1. The DCers trample over what Chester Hartman has called "the right [or ability] to stay put" (quoted in Imbroscio 2008, 114). Although the mobil-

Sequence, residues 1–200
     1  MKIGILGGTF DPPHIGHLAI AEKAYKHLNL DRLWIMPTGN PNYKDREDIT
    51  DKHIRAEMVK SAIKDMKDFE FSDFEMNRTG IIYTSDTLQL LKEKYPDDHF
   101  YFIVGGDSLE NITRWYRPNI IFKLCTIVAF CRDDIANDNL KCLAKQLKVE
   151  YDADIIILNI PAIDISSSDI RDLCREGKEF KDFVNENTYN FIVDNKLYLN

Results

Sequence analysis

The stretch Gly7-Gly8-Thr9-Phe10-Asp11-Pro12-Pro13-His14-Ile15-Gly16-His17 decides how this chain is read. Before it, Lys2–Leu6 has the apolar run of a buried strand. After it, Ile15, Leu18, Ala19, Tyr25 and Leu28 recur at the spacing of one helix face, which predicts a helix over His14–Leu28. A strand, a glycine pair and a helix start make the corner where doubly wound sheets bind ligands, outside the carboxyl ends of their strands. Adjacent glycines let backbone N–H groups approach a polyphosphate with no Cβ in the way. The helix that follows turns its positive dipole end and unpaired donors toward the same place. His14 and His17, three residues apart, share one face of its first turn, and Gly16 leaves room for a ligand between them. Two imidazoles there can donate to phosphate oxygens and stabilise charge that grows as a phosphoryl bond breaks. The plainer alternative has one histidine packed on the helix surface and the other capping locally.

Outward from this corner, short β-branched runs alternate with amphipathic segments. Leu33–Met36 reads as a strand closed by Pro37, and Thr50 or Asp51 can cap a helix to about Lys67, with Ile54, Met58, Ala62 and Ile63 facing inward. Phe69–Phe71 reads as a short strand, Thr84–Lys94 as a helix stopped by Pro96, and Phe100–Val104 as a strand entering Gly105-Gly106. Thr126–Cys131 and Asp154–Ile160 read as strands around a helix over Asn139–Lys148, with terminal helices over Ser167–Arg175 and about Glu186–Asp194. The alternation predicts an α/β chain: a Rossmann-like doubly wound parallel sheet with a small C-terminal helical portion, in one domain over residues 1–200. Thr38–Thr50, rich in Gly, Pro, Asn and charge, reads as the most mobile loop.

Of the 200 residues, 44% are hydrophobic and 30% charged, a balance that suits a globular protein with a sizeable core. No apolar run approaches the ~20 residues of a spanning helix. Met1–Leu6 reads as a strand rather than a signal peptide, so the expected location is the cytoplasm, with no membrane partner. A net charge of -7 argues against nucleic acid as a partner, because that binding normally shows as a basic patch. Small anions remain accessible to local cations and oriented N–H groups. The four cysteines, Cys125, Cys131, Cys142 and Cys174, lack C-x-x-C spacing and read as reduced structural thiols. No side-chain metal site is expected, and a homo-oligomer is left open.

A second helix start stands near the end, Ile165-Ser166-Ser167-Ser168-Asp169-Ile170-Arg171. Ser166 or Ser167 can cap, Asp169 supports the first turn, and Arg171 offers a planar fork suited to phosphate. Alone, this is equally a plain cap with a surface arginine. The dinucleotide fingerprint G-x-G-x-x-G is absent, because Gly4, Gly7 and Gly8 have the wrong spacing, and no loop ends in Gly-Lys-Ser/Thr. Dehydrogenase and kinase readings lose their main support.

ity programs typically recruit people whose participation is "voluntary," they can hardly be seen as exercising free choice when their only alternative is to live in neglected housing and underserved communities. Imbroscio writes (115): "Preferences for dispersal become nothing more than a desperate response to a set of desperate conditions, with little to do with any real notion of freedom of choice." Of course, in the case of HOPE VI demolitions, "choice" is a moot issue. 2. The DCers are guilty of overselling evidence, based mainly on studies of the Gautreaux program in Chicago and the MTO demonstration. Critics (Crump 2002; Goetz 2003) insist that these studies are flawed methodologically since participants are self-selected and heavily screened, vitiating comparisons to the people left behind. To make matters worse, the MTO studies typically report small findings that are wildly overstated as corroborating the claim that deconcentration has beneficial effects. 3. The DCers ignore or slight the evidence that points to viable alternatives to HOPE VI and mobility programs, such as the work of thousands of Community Development Corporations in providing affordable housing for low-income people and contributing to the revitalization of inner-city neighborhoods. Instead of contemplating strategies for ameliorating social problems where the poor live, the DCers obstinately cling to the idea that "opportunity" entails moving the poor as far as possible from the temptations and pathologies of the inner city. For all of their methodological sophistication, DCers seem oblivious to the fact that the efforts of the Community Development Corporations impact on entire communities, whereas MTO programs, at their very best, impact on the lives of a paltry number of individuals, deliberately scattered across the urban landscape: See responses by Xavier de Souza Briggs (2008, 131­37), John Goering and Judith Feins (2008, 139­48), and rejoinder by David Imbroscio 2008,149­54).